Draft education policy: ‘Hold Class X board exam at two levels, can detain students after Class V’

New Delhi June 30:The draft education policy, released for public feedback on Wednesday, has proposed that compulsory board exams should be held for Class X also, but in a new format, with a higher level (Part-A) and a lower level (Part-B) in three subjects.

“High failure rate in Class X examination is attributed to a large extent to poor performance in three subjects: Mathematics, Science and English. In order to reduce the failure rate, Class X examination in Mathematics, Science and English will be at two levels: Part-A at a higher level and Part-B at a lower level. Students who intend to join courses/ programmes for which Science, Mathematics or English is not a prerequisite or wish to shift to vocational stream after Class X will be able to opt for Part-B level,” says the draft.

The draft policy also advocates amendment to the RTE Act to reinstate detention after Class V, and extension of Right to Education to secondary education. It also seeks review of Clause 12(1) that exempts minority schools from implementing the 25 per cent quota for EWS kids in private schools.

The draft policy, prepared following the recommendations of the TSR Subramanian committee, proposes to discontinue the practice of “grace marks” in evaluation of Class X board exams.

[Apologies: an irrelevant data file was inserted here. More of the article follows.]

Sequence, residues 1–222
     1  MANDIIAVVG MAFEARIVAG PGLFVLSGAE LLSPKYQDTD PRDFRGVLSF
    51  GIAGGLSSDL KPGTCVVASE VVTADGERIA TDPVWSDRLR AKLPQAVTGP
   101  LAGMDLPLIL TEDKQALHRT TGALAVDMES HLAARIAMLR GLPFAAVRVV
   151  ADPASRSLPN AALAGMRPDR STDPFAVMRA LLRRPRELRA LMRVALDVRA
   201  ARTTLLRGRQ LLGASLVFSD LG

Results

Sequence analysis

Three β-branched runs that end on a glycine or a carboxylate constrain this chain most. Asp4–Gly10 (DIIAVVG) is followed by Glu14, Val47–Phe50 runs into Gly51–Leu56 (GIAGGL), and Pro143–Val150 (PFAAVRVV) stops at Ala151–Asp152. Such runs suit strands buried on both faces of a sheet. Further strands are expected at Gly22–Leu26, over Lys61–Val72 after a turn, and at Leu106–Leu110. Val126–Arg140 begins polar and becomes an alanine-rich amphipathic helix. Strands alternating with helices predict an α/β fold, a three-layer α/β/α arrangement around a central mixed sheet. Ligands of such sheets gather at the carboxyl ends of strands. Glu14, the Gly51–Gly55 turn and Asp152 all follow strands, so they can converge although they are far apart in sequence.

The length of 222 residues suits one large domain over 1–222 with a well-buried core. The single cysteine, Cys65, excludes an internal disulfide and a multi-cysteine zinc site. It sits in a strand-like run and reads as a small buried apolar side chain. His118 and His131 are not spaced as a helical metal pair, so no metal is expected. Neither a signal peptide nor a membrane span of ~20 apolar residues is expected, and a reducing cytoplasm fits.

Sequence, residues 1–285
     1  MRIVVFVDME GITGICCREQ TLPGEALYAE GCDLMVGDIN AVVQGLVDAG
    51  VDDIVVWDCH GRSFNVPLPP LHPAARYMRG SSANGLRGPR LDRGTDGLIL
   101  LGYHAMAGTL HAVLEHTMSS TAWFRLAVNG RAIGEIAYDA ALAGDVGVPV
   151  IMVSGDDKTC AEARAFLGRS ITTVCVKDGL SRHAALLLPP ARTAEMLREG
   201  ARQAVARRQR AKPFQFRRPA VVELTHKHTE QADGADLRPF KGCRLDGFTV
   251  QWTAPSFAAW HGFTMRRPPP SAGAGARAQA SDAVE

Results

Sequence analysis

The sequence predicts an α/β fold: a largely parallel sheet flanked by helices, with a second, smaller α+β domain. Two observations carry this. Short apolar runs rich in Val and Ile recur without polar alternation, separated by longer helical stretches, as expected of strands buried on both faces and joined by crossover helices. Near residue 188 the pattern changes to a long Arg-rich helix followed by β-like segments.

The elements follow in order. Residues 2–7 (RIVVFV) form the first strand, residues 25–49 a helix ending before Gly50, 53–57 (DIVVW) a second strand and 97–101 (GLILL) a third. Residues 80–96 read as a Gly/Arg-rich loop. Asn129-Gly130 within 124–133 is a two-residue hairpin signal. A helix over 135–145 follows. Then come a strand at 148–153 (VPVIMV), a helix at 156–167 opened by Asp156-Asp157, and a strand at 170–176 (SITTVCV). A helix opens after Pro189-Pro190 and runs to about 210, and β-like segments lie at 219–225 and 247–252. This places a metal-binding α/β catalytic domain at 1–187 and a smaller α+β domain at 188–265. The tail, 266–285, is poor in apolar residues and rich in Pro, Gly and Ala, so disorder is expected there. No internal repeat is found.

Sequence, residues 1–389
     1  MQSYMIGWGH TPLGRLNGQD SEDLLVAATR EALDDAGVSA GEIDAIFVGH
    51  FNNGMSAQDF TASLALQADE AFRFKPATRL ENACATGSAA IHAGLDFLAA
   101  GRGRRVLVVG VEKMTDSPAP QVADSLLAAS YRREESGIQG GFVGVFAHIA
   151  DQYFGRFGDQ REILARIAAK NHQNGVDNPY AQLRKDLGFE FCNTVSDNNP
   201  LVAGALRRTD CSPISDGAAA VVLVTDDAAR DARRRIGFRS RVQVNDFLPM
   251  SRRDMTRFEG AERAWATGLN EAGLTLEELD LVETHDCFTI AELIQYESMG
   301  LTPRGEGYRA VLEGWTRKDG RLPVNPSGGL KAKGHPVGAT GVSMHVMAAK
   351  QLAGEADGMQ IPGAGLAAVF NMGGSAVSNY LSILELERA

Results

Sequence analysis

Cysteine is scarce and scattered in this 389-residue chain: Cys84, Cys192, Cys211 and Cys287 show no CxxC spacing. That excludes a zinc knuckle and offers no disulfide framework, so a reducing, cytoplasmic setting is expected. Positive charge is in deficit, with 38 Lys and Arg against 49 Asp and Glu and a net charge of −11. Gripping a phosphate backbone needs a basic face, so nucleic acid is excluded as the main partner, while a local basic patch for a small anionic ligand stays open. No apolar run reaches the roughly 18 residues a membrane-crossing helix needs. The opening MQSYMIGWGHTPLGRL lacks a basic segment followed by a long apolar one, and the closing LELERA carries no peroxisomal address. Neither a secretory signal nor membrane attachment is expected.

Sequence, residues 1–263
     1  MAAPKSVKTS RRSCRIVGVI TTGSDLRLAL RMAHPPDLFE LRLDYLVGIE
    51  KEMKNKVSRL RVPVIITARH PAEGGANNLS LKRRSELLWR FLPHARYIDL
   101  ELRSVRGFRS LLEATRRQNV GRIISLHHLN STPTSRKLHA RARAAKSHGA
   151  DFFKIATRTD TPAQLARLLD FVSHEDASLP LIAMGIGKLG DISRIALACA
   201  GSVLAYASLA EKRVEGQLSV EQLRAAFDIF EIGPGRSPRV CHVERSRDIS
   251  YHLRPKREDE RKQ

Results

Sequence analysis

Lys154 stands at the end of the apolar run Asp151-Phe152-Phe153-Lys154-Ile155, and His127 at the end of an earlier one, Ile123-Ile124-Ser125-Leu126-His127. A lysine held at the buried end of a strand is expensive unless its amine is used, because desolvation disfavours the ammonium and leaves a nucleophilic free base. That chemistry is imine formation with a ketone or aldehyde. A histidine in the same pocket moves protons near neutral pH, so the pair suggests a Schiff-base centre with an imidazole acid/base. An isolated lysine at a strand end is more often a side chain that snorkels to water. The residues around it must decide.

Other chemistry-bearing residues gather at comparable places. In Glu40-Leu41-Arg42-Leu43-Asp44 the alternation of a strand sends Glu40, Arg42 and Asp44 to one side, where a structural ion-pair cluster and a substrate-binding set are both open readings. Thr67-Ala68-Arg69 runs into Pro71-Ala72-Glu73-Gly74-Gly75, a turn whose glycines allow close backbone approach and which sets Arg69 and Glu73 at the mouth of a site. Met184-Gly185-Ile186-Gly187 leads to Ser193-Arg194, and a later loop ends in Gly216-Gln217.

As one of the major reforms of the education sector, it advocates setting up of an Indian Education Service cadre like the IAS.

Stressing the importance of learning English, it says: “If the medium of instruction up to primary level is the mother tongue or local or regional language, the second language will be English and the choice of the third language (at upper primary and secondary levels) will be with the individual states and local authorities”.

Promoting Sanskrit, the draft policy says: “Keeping in view the special importance of Sanskrit to the growth and development of Indian languages and its unique contribution to the cultural unity of the country, facilities for teaching Sanskrit at the school and university stages will be offered on a more liberal scale.

The draft policy will be open for public feedback, including from state governments, till July 31.

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